History of the Artwork
The history of this piece is only documented from the mid 19th century, and so it has taken some time for the correct attribution to be found. It would eventually be purchased by the current owners, The Metropolitan Museum of Art, in 2004 for a price rumoured to have been around $45m. The high price is representative of the significance of this piece, and Duccio's career more widely. It is also extremely rare for an American institution to even get the opportunity to acquire an artwork such as this, and its attributes also made it a good fit with the musuem's existing collection. Typically, purchases such as this will be made with a combination of funds from private and public sources, who all share the understanding of the importance of protecting and building upon one's cultural resources. The piece was originally owned by Russian Count Gregori Stroganoff (some still refer to the piece as the Stroganoff Madonna) when it first came onto the radar of art historians and then changed hands several times before arriving at its present location in the US.
Where can the Madonna and Child be found Today?
This important artwork from the Proto Renaissance can be found at the Metropolitan Museum of Art in New York, USA. They themselves actually date the piece more loosely at around circa 1290-1300 and would have had the resources to carry out considerable research on this piece. This important institution is believed to have acquired the piece as recently as 2004, when previously it was part of a private collection. They have revealed that the current frame used is actually the original one as agreed by the donor and artist all those centuries ago. The piece was also an independent commission, and unrelated to any other work by the artist, where as some other items from his career to be found within the US are actually fragments or individual panels from a larger project that was later dismantled, such as the Siena Altarpiece. The size of this artwork, with it being relatively small, means it is likely to have been used as a devotional piece.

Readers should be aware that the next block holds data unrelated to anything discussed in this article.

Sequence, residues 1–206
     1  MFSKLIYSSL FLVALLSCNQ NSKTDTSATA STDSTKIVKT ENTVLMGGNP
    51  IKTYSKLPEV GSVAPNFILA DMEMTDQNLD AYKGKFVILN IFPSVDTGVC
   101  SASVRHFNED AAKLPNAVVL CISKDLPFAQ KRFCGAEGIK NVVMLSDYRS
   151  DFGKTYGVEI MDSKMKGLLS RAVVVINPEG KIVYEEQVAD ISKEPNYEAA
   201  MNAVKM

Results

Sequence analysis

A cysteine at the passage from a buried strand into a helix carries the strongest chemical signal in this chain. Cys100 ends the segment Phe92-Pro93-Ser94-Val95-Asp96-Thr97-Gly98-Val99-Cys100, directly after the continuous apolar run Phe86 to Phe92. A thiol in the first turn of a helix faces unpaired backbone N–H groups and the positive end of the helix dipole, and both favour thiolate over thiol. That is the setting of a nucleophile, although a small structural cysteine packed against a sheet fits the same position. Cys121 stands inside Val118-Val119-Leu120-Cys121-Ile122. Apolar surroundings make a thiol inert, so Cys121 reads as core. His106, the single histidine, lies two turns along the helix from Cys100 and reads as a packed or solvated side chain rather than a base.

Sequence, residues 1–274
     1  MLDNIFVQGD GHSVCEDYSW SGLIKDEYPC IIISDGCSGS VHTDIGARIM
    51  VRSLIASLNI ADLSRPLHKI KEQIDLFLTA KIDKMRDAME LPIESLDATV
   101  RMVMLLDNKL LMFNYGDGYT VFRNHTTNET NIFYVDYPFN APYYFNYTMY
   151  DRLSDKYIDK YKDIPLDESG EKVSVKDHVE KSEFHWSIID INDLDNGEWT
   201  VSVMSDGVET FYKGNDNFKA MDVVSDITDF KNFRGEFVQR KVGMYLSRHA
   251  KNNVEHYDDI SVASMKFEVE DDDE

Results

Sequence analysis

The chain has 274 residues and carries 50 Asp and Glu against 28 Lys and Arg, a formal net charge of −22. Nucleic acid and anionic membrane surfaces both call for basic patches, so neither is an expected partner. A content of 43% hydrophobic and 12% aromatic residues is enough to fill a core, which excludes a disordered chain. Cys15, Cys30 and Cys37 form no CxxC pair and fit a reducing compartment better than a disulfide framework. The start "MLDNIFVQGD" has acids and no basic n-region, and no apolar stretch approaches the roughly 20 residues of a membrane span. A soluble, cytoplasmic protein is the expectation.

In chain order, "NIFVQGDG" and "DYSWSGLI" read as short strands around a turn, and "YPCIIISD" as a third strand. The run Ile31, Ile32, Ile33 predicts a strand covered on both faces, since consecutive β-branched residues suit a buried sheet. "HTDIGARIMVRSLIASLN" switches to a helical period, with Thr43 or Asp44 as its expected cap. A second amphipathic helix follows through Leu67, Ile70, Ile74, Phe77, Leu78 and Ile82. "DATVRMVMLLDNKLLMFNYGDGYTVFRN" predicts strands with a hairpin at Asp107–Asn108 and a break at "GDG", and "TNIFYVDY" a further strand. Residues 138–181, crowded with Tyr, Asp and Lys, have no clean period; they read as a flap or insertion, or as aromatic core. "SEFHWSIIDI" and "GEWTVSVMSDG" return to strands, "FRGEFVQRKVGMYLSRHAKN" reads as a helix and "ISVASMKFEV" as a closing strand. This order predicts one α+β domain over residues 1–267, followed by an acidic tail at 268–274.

What Paintings are Displayed alongside this Piece at The Met?
This important piece by Duccio is to be found, at the time of writing, in the The Met Fifth Avenue, Gallery 624. The room itself is titled, "Giotto's Legacy: 1230–1450", which gives one a good idea of the type of pieces to be found within it. Giotto's Adoration of the Magi can be found here, as can Saint Alexander by Fra Angelico. Saint Lawrence Enthroned with Saints and Donors by Fra Filippo Lippi from the 1440s is also often featured within this display, alongside a large number of other tempera on panel pieces from significant, but slightly less famous artists. It is a stunning selection and a rarity within the US, with most artworks from this period remaining in Europe. The nature of tempera on panel, as opposed to fresco techniques, does mean that the opportunity to move these artworks is much more of a possibility than with designs placed directly into plastered walls.
What other Paintings of the Madonna and Child did Duccio Produce?
The iconic imagery of the Mother and Child would appear many times within Duccio's oeuvre. Rucellai Madonna and Maestà are certainly the most famous of those, with other important contributions including the likes of the Crevole Madonna, Madonna with Child and Six Angels and Gualino Madonna. Most of these interpretations feature fairly simple compositions, with little detail included other than the two figures. He would typically cover the background with gold paint and then just add a few variations to make each piece unique. For example, the artwork in front of us here has the marble sculptured wall which covers the foot of the artwork but is not seen elsewhere. Besides these smaller, independent pieces, there were also more ambitious commissions, such as Madonna and Child with Saints Polyptych and Madonna and Child on a Throne, in which a complex design of wooden panels would have additional artworks alongside the main content.
What other Artworks did Duccio Produce around this time?
Assuming the approximate date on this piece of around 1290-1300 to be correct, there were some other important paintings to come from Duccio at around the same time as Madonna and Child. Madonna and Child with Saints from the Pinacoteca Nazionale is dated at exactly the turn of the century, for example, and several years later was Duccio's Maestà, featuring a two sided design for an altarpiece. There was also the The Nativity with the Prophets Isaiah and Ezekiel at around that time as well. Duccio did not go far from the boundaries of Tuscany too often, which makes it harder to order these artworks particularly accurately. Other notable artists would move around the country and then each artwork could be placed within a timeline based around their specific movements from one city to the next. Some of the issues around attribution that surrounds most of the artists from the Proto Renaissance has also made the task of creating accurate timelines more difficult.
Large Image of Duccio's Madonna and Child